Tips On Making Slipcovers With Drop Cloths

by | Jun 2, 2010 | Sewing, Tutorials | 121 comments

I had no idea there would be such an interest in making things with drop cloths in a home decor application, like slipcovers and curtains, but several readers seemed very excited about it.  I aim to please, so here it is!

First of all, let me say that I was skeptical and hesitant to jump on the drop cloth bandwagon.  I have always made my slipcovers out of white cotton twill and you can purchase that for about $3.00/yard at Wal-Mart.  What finally pushed me to try making drop cloth slipcovers was a pair of wing chairs I wanted to cover that had a high contrast blue and white plaid fabric and it showed through my usual twill.  I needed something that was a heavier weight.  The drop cloth was my cheapest option.

So, I went to Lowe’s and bought a couple of Finish Factor Canvas 8oz weight drop cloths.  They run anywhere from $5.00/piece for a small one up to about $30 for really, really big ones.  I’ve been purchasing the ones that run about $13.00.  It takes about 1 1/2 4’x 15′ to cover a wing chair with piping, pleats, and a “T” cushion.

tips on sewing with drop cloths | drop cloth curtains | drop cloth slipcovers | miss mustard seed
So, here are the things I have learned along the way…

drop cloths are very stiff and dingy-looking right out of the package

Remember that the people making drop cloths do not intend them to be used for home sewing projects like slipcovers and curtains!  They at least need to be washed once and might benefit from a second washing if they are still stiff.
tips on sewing with drop cloths | drop cloth curtains | drop cloth slipcovers | miss mustard seed

how to bleach a drop cloth for a slipcover

I know it may sound silly to write out directions for how to bleach something, but I’ve tried several different ways and this is what is the easiest and most effective.  Put your drop cloth in your washing machine.  Start the regular wash cycle and allow the tub to fill with warm water.  Add a couple of cups of bleach and make sure the fabric is fully submerged.  Stop the cycle when the tub is full.  Close the lid and leave it for several hours.  Once it has soaked for a while, continue the cycle and allow it to run.  Repeat this entire process a second time, but add laundry soap in addition to the bleach.  Repeat this one last time, but only add laundry soap, no bleach.  Dry in the machine on high.  If you’re making a slipcover with this, you want it to be preshrunk, so that’s why you want to use warm water and a high drying heat.

tips on sewing with drop cloths | drop cloth curtains | drop cloth slipcovers | miss mustard seed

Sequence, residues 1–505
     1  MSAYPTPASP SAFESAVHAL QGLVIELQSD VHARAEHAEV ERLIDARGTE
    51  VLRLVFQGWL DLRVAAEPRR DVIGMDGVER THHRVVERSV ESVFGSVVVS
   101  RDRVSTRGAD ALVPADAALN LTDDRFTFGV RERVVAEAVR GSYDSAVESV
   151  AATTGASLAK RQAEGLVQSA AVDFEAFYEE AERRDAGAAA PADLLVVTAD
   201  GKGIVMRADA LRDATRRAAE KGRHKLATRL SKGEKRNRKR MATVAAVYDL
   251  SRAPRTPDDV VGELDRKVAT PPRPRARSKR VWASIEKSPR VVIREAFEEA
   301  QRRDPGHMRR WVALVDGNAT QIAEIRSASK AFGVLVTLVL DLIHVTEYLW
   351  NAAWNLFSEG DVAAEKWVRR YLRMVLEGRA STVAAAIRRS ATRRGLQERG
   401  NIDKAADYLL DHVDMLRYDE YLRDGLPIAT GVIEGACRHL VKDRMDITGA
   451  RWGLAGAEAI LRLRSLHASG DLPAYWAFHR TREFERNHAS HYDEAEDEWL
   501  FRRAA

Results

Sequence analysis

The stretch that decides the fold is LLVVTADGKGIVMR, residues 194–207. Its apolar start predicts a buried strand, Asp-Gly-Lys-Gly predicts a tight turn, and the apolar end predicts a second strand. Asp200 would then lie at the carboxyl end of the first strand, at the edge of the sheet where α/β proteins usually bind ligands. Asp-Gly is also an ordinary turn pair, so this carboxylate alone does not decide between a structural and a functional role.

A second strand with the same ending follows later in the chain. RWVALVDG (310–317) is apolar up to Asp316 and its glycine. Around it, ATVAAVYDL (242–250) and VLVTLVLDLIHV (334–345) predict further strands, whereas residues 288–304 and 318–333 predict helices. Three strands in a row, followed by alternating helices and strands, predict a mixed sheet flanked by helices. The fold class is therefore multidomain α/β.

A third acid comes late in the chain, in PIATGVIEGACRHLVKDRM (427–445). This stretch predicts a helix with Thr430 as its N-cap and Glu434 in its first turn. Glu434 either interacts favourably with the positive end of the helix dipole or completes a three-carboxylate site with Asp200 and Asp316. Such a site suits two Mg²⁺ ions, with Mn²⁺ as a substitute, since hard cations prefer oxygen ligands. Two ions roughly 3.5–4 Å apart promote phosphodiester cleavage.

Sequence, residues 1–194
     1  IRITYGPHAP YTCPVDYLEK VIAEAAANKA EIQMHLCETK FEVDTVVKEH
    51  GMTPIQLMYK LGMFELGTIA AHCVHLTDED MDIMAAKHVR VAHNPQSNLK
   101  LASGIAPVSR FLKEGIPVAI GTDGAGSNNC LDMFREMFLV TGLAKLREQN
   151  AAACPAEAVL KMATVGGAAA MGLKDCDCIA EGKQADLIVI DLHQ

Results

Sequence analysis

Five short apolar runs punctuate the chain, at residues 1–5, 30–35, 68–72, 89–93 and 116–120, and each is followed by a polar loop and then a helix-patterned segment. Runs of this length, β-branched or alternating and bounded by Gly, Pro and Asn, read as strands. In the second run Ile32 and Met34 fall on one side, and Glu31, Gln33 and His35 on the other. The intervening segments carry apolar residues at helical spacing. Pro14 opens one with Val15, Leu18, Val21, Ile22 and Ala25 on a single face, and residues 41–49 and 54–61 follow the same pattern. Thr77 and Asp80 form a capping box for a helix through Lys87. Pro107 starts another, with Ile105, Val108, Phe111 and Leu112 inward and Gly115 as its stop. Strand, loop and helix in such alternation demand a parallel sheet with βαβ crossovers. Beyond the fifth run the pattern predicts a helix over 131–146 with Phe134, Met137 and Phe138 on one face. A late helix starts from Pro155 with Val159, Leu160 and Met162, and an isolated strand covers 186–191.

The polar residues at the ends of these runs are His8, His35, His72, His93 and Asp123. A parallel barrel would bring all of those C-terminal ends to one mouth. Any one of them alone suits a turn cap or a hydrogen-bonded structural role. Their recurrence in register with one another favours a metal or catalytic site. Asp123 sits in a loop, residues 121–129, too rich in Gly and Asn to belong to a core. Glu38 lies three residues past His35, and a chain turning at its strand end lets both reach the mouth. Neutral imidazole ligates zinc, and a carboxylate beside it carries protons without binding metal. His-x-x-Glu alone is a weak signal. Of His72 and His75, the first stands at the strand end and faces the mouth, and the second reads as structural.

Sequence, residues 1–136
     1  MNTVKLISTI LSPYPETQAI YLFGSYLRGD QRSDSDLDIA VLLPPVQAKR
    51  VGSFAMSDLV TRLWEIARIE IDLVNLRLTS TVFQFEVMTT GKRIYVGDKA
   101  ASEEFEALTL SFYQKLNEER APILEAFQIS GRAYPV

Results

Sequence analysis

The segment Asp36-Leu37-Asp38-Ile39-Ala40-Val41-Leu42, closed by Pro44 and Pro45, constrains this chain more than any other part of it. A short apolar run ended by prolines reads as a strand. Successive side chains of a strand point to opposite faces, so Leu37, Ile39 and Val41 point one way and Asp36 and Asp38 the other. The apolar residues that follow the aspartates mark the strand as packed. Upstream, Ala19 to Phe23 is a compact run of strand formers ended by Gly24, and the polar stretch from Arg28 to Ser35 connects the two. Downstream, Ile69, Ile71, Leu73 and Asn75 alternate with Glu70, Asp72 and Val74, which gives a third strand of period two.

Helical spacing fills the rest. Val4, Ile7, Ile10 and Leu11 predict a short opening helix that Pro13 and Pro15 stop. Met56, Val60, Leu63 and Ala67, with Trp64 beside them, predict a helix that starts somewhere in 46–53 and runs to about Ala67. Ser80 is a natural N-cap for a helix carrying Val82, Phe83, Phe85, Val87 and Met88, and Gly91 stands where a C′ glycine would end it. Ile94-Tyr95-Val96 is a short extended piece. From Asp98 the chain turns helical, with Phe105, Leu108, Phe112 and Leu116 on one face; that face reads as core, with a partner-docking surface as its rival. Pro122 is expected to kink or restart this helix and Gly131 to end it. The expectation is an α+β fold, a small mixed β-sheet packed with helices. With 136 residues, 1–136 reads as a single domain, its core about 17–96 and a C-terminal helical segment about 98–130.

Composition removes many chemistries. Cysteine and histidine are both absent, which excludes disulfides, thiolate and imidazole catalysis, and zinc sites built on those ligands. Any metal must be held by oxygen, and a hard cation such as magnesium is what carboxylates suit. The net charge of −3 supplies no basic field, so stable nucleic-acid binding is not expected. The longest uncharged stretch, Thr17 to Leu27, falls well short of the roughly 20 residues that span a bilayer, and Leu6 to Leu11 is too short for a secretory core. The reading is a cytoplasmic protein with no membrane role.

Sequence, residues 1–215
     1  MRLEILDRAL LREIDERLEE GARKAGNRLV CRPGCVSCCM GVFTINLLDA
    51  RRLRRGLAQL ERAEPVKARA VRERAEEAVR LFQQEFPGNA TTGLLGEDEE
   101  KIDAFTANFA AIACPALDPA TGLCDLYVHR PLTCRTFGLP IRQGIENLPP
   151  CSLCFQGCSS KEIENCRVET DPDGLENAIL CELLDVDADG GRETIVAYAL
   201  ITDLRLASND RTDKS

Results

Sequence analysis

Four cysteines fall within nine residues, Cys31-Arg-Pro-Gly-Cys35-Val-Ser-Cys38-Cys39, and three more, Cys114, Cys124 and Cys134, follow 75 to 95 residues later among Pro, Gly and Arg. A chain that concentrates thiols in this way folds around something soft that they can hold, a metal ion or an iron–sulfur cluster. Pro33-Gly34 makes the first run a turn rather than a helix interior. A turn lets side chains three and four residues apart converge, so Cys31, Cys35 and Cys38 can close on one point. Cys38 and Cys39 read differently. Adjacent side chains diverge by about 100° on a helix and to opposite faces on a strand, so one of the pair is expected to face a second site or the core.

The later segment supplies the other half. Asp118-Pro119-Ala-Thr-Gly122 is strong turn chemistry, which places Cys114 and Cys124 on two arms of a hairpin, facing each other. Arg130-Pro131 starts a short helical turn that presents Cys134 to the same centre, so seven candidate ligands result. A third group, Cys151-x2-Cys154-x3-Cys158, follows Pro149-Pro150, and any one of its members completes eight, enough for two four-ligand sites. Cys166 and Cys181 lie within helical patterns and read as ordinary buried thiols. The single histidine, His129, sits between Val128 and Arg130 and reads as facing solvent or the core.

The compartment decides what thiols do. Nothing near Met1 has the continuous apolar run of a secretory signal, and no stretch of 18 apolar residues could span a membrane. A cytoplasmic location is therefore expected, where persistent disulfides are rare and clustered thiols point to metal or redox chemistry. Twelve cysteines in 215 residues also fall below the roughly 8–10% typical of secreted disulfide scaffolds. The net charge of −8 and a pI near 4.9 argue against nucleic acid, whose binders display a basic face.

drop cloths are thick

 Make sure you get heavy-duty needles and use a new one when you’re starting a drop cloth slipcover or sewing project.  I think I broke four needles on my wing chairs and one on my dining room chair slipcovers.  If you’re fighting with your machine (and it’s not the bobbin thread), try using a new needle.  When the needle is dull or slightly bent, you are going to have all sorts of problems.

tips on sewing with drop cloths | drop cloth curtains | drop cloth slipcovers | miss mustard seed

drop cloths do not ruffle well

Because drop cloths are on the thicker side, they are not easy to ruffle or add other dainty details.  Their thickness is a benefit for hiding busy fabrics under a slipcover or for holding up well to daily use, but if you want a girly touch, pleats will be less frustrating.  Trust me.

tips on sewing with drop cloths | drop cloth curtains | drop cloth slipcovers | miss mustard seed

despite all of the bleaching, drop cloths will never be perfectly white

 If you want a bright white slipcover, drop cloths will not be the best option for you.  They end up being grayish off-white.  They also have a little bit of a nubby, rough texture and look slightly rumpled.  If you want something that looks perfectly white and crisp, you will not be happy with drop cloth slipcovers.

tips on sewing with drop cloths | drop cloth curtains | drop cloth slipcovers | miss mustard seed

drop cloth canvas will tear in a straight line

This is so handy for people like me, who don’t like measuring.  This means, if you want your pleated skirt to be four inches wide, you can make a small cut at the four-inch mark and tear it the rest of the way.  The line will be perfectly straight. This is a nice shortcut when you’re making drop cloth slipcovers.  A lot of home decor fabrics will do this as well, but not all, so be careful!